New Film Tells the Story of Pavlovsk Palace and its Blockade Director, Anna Zelenova Topic: Pavlovsk
Anna Ivanovna Zelonova (1913-1980)
On January 26th, the Boris Yeltsin Presidential Library in St. Petersburg offered the premiere and organized a discussion of the documentary directed by Igor Smirnov, "Anna Zelenova. The Fate of the Museum Curator." The film is timed to the centenary of the legendary director of the Pavlovsk State Museum, Anna Zelenova. The film is part of “Restored Beauty,” a publishing and exhibition project carried out by the Presidential Library and Pavlovsk State Museum, which marks the year of the 70th anniversary of Victory. Screening of the film is also timed to the Day of complete lifting of the blockade of Leningrad. The premiere was attended by veterans of Pavlovsk.
Anna Ivanovna Zelenova was born in St. Petersburg on 28 February, 1913. She arrived at Pavlovsk to work as a tour guide when she was very young and instantly knew that she had found her place in life. In August 1941, she was appointed acting director of the palace complex. Thus, she had to shoulder all the problems associated with the rescue and evacuation of the exhibits on the eve of the invasion of German troops in Pavlovsk. Anna organized transportation of some of the exhibits to St. Isaac's Cathedral in Leningrad; the other part was shipped by rail to Siberia. During the siege Zelenova, like many other members of the suburban museums, spent a lot of time in the basement of St. Isaac's Cathedral, preserving and saving valuable exhibits.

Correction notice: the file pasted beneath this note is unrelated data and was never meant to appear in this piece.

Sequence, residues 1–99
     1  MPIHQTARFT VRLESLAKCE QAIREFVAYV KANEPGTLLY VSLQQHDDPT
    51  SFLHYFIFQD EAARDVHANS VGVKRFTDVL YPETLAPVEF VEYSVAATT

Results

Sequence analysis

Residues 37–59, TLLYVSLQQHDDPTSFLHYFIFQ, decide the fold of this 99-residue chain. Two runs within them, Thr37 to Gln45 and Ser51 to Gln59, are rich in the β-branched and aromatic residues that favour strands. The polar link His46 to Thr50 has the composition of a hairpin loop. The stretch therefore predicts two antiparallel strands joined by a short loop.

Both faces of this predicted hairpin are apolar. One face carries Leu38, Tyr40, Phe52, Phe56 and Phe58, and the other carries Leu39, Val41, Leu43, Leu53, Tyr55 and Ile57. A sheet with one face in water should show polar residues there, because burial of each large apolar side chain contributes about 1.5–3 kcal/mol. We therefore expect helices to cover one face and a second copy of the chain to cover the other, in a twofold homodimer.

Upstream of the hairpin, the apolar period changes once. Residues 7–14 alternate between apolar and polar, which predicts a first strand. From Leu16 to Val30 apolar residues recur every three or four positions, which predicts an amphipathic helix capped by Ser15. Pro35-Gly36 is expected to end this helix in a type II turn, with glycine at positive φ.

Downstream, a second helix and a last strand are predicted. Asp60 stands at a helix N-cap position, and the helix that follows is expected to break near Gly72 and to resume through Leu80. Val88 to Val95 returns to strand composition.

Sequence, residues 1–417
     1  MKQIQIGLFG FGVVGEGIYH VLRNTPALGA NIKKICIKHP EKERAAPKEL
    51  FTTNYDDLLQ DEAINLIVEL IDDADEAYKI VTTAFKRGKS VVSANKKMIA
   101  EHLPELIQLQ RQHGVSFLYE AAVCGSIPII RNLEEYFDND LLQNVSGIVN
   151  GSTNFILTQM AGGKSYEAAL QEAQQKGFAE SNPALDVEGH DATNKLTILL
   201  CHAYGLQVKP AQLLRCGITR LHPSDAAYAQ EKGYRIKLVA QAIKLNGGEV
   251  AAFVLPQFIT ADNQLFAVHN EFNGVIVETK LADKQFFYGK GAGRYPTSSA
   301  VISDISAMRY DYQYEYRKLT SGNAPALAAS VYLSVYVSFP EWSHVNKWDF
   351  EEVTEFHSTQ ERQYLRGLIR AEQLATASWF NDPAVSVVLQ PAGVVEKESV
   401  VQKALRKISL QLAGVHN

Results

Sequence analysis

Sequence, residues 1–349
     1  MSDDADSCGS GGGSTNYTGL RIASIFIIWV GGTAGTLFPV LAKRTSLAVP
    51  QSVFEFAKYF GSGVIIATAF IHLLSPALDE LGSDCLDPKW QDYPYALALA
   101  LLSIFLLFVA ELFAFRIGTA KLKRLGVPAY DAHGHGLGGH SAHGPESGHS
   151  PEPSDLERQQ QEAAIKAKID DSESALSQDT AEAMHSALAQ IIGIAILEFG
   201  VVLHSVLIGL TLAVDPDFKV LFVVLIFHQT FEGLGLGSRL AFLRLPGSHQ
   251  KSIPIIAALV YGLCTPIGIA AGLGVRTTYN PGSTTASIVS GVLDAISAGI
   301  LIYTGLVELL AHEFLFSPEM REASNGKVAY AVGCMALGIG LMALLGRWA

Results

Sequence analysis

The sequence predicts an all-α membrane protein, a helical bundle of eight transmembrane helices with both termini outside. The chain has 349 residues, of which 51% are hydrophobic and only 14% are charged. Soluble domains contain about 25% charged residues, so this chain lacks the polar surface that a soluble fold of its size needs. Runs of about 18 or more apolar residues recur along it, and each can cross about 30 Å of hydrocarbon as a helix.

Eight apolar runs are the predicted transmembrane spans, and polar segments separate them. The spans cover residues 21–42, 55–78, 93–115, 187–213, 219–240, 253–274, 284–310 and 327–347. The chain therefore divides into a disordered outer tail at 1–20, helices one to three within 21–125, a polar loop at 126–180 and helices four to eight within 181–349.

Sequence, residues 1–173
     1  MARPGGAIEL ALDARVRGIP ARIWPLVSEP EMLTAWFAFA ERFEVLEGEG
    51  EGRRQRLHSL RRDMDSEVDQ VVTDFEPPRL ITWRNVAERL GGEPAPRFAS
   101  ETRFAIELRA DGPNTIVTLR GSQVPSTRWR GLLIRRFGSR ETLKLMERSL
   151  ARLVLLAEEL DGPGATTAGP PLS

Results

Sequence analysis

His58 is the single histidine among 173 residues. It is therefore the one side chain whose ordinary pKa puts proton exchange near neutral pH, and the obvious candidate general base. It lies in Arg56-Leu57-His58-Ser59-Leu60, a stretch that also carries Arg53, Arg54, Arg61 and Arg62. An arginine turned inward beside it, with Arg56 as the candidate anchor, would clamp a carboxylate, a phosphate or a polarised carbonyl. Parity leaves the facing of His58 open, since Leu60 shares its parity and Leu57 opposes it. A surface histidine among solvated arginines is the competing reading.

Anna Zelenova had been a permanent director of the museum from 1941 to 1979. During the 900 Day Siege, she worked in Leningrad under harsh conditions. After the expulsion of the invading troops from the suburbs of Leningrad, she oversaw the restoration of the Pavlovsk palace and park facilities.
On 20 January, 1979 she was forced to quit as director of the museum, due to disagreements with the Leningrad "party leadership" (in particular with the YF Soloviev , First Secretary of the Leningrad Party Committee). She died of a heart attack on 16 January, 1980, she was buried at the cemetery in Pavlovsk. During the remaining years of the Soviet Union, her name was forgotten, however, in 2005, Anna Ivanovna Zelenova was posthumously awarded the title of honorary citizen of the city of Pavlovsk, one of the streets of the city was also renamed in her honour.
The film tells the story of revival of the Pavlovsk Palace and park through the prism of the tragic fate of Anna Zelenova. The core of the film is represented by video interviews with people who knew her. The film also reveals the monumental problems associated with the implementation of the post-war restoration works.
The film has been awarded diplomas of the winners of the XVI International Festival of Films and Television Programs "Radonezh», VII International Candlemas Orthodox Film Festival "Vstrecha», VI Festival of Christian Cinema 2012 "Nevsky church bells», XI Kiev International Documentary Film Festival "Film Chronicle."
Faberge's Lost Treasures, Still Waiting To Be Found Topic: Faberge
Some of Russia’s most incredible riches, from the magnificent amber panels of the Catherine Palace to the jewels of the Russian Imperial family, are still out there somewhere, lost, and waiting to be found. It is, however, the missing Fabergé Imperial Easter Eggs which continue to allude Fabergé aficionados around the world.